The Big Idea: Andrew Lane
Everyone knows what Sherlock Holmes does — he’s a detective, he detects things, thanks to his amazing powers of observation and his near-encyclopedic level of knowledge about even the most trivial of things (which become more than trivial when he applies them). But then there’s another question about Sherlock Holmes — one that author Andrew Lane finds more interesting, and endeavors to explore in Death Cloud, which follows a teenage Sherlock on his very first adventure. That question, and what it means to the character — and to our author? Lane is here to tell you what it is.
I can still remember the first Sherlock Holmes book that I ever bought. It was actually one of the first two books that I ever bought, full stop, which is why I can remember it so clearly. The year was 1973, I was ten years old, and I had a handful of coins jingling in my pocket, just waiting to be spent (when you are ten years old you have a mortal fear that money, if not spent quickly, will somehow decay into fluff while you’re not looking). I was at a jumble sale in a church in East London, England, I was rummaging through the second-hand (and third-hand, and more) books, looking for something interesting, and I found A Study in Scarlet, by Arthur Conan Doyle. I cannot, to this day, explain why I bought it – it had no cover, and it was a cheap, tatty edition with nothing to recommend it, but I knew that I had to have it.
The other book I bought, by the way, was Three to Conquer by Eric Frank Russell – still, to my mind, one of the greatest and most unsung alien invasion novels of all time.
Flash forward thirty eight years, and I can see now how the choice of those two books pushed me along the twin paths that were to define my life – a love of Sherlock Holmes stories and a near-obsession with cheap science fiction.
I think that every writer starts off trying to answer the “what if?” questions. What if… aliens invaded the Earth? What if… scientists could clone dinosaurs? What if… vampires were real? Answering those questions is fun, and leads to some pretty good books, but there’s a level past that which some writers move on to, and that’s trying to answer the more interesting question “why?” Why would aliens invade the Earth – what’s in it for them? Why would scientists bother to clone dinosaurs, apart from the sheer fun of it? Why would creatures exist that could drink blood and die when stakes are put through their hearts?
Since the death of Arthur Conan Doyle in 1930, many hundreds, if not thousands, of other authors have written Sherlock Holmes stories. Most of them fit neatly into the “what if?” category. What if… Sherlock Holmes investigated the Jack the Ripper murders? What if… Sherlock Holmes got caught up in the Martian invasion of Earth as reported in H.G.Wells’s The War of the Worlds? What if… Sherlock Holmes was a time traveller from the future? For a long time I wanted to be one of those writers, but my attitude gradually changed. I realised, as I got older, that I wanted to answer the big “why?” question – why did Sherlock Holmes act the way that he did?
If you look at Arthur Conan Doyle’s descriptions of Sherlock Holmes, spread over 56 short stories and 4 novels, it’s clear that he’s a damaged man. For a start, he’s obviously manic depressive – staying up for days on end to feverishly investigate a crime and then, once it’s solved, staying in his room in a black mood for more days on end. He’s also obviously obsessive-compulsive – he has a fantastic knowledge of trivial subjects such as tattoos, cigar ashes and the shapes of people’s ears, and he once solved a crime by noticing the depth to which the parsley sank in the butter on the dining table on a hot day. The genius of Conan Doyle was that Sherlock Holmes didn’t know he was damaged! He made a success of his life in one of the only two fields in which he could use his manic episodes and his obsessive-compulsive behaviour – detection (the other, of course, would be crime).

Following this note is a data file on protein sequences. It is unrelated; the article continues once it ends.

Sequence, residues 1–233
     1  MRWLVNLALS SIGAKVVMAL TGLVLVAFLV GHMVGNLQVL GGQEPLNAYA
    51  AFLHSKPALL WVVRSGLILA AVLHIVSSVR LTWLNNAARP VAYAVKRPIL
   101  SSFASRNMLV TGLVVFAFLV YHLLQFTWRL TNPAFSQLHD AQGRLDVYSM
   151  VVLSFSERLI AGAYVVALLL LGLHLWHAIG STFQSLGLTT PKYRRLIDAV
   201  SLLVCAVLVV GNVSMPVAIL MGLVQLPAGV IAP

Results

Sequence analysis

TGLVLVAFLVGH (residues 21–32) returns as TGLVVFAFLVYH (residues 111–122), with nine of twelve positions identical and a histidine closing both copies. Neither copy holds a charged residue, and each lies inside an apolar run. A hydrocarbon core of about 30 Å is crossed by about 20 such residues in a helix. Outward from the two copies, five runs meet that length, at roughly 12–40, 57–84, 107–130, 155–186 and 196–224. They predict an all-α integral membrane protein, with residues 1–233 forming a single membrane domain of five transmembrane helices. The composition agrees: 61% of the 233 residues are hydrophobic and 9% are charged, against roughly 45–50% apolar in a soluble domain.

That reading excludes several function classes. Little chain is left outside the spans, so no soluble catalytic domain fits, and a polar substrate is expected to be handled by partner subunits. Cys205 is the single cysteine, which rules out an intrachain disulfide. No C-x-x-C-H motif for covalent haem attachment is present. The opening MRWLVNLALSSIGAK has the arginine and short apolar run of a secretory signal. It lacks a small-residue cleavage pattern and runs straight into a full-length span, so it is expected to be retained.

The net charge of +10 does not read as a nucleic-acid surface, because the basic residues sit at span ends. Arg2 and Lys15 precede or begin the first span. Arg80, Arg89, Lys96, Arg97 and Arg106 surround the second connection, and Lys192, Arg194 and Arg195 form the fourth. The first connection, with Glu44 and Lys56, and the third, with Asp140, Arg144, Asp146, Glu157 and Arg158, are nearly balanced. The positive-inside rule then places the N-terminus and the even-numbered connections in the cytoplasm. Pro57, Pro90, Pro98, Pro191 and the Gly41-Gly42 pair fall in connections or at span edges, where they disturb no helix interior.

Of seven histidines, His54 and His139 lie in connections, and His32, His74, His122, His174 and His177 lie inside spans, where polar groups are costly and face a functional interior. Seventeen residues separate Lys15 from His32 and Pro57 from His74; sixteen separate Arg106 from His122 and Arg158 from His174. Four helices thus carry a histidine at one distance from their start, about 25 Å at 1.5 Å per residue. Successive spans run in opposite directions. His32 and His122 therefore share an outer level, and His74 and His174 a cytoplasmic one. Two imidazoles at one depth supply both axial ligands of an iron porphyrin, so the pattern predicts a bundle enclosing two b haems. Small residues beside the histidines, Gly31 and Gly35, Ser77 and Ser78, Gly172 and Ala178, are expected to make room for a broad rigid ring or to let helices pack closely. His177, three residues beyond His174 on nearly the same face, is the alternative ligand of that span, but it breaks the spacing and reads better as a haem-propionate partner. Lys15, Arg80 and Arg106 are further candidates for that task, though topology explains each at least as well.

My “big idea”, if that’s what it is, is to investigate why Sherlock Holmes grew up to be the character we all know about. It would have been easy enough to extrapolate backwards and describe a precocious fourteen year old who looks and acts like the grown-up, but that wouldn’t have satisfied me. What I want to do is to take a relatively ordinary fourteen year old and progressively put him through a set of experiences that will turn him into a manic-depressive, obsessive-compulsive recluse with only one true friend in the entire world (I know, by the way, that manic-depression and obsessive-compulsive disorder are likely to be genetic or biochemical in nature rather than caused by environmental factors, but bear with me – these things can be dormant, but can be triggered by life’s events. That’s my story, anyway). And along the way, Sherlock will have to learn all the things that Conan Doyle shows him doing as an expert – boxing, sword-fighting, chemistry, theatrical disguise, violin playing, and more. And, of course, learning all those things he knows about tattoos, cigar ash, ears and the way that parsley sinks into butter on a hot day.
Doing all of that in a series of books that are (a) as historically accurate as I can make them, and (b) exciting adventures with lots of action and bizarre villains, is going to be a challenge, but it’s one I’m looking forward to. I’ve written three books so far – Death Cloud, Rebel Fire and Black Ice, and I have every intention of keeping on writing until someone apprehends me. I’m having the time of my life here.
And you’ve probably already worked out that it’s not going to end well for young Sherlock. Bad things are going to have to happen. But at least we know that he’ll end up famous, and he will have one true friend who stays with him through thick and thin. Let’s face it, that’s more than some of us get…